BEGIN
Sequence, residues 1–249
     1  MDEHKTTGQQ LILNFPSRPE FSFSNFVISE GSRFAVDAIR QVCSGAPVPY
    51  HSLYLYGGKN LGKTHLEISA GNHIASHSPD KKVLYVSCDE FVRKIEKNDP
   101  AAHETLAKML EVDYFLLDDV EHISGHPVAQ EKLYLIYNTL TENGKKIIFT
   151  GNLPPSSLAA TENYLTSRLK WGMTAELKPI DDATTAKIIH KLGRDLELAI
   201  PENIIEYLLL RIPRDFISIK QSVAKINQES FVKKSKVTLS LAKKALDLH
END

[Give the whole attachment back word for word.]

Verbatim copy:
Sequence, residues 1–249
     1  MDEHKTTGQQ LILNFPSRPE FSFSNFVISE GSRFAVDAIR QVCSGAPVPY
    51  HSLYLYGGKN LGKTHLEISA GNHIASHSPD KKVLYVSCDE FVRKIEKNDP
   101  AAHETLAKML EVDYFLLDDV EHISGHPVAQ EKLYLIYNTL TENGKKIIFT
   151  GNLPPSSLAA TENYLTSRLK WGMTAELKPI DDATTAKIIH KLGRDLELAI
   201  PENIIEYLLL RIPRDFISIK QSVAKINQES FVKKSKVTLS LAKKALDLH